A Ukrainian soldier walks near the tail section of a Tochka-U ballistic missile in the Kharkiv region in April.
A Ukrainian soldier walks near the tail section of a Tochka-U ballistic missile in the Kharkiv region in April.

When the journalist joined the Carpathian Sich in 2015, then a voluntary paramilitary group with ties to an ultranationalist political party, Rybakova said her photography skills came in handy immediately. She is now serving in the 93rd Mechanized Brigade of Ukraine as a press secretary and second lieutenant.

A Ukrainian soldier paints over the
A Ukrainian soldier paints over the “Z” on a captured Russian armored vehicle.

Rybakova says after eight years of low-level conflict in eastern Ukraine, Moscow’s massive invasion in February came as a shock.

“To be honest, in the army we thought that instead of going to the border posts, we would just go to the borders, set up a line of defense and hold our position for several months,” she says. “[We thought] maybe there would be provocations with shots from automatic weapons, but nothing more.”

A damaged memorial to a World War Two battle between Soviet and Nazi forces stands over the wreckage of a modern armored vehicle in the retaken town of Trostyanka in Ukraine's Sumy region in March.
A damaged memorial to a World War Two battle between Soviet and Nazi forces stands over the wreckage of a modern armored vehicle in the retaken town of Trostyanka in Ukraine’s Sumy region in March.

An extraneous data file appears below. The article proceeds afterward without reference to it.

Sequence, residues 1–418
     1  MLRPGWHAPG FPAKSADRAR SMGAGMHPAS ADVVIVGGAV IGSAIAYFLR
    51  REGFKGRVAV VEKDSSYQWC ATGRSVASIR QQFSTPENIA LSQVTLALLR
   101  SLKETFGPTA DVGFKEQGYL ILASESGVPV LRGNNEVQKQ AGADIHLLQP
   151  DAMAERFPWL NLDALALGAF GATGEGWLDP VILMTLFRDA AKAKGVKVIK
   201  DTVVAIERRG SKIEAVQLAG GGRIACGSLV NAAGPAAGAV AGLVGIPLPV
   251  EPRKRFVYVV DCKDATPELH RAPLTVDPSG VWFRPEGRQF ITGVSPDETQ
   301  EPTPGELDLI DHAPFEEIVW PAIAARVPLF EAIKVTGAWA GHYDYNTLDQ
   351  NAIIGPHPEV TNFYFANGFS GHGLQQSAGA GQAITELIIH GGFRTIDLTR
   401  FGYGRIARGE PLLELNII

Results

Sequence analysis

The photographer and soldier felt all the fury of war. On February 26, minutes after arriving in the newly captured town of Okhtyrka in the Sumy region, Rybakova said she jumped onto the tarmac when a Russian plane dropped what she believed to be an FAB-3000 bomb on a nearby Ukrainian military position dropped and killed many people.

The unguided 3-ton bomb exploded with such force, she says, that it was “like it was an earthquake or a hell pit” that opened up. A photo of the aftermath of this explosion shows a water-filled crater the size of a large swimming pool.

A Ukrainian tank driver was sprinkled with mud in an undisclosed location in October
A Ukrainian tank driver was sprinkled with mud in an undisclosed location in October

When asked about her most memorable experience documenting the war, the photographer’s response illustrates the relentless new perspective of many Ukrainians who have seen their country ravaged by the invasion.

“On the 24th, in Okhtyrka, the boys met an enemy column and completely destroyed it,” Rybakova recalls. “They took me to dead Russians. One of them was officer Ilyasov, a Buryat by nationality. He was killed by a 19 year old [Ukrainian] Soldier. The body was thrown off the road and covered with grass.”

Freshly picked wildflowers lie next to a tree blown apart by shrapnel.
Freshly picked wildflowers lie next to a tree blown apart by shrapnel.

“I finally slept normally that night,” Rybakova says of the sight of the dead officer. “The sight of enemy corpses calmed me.”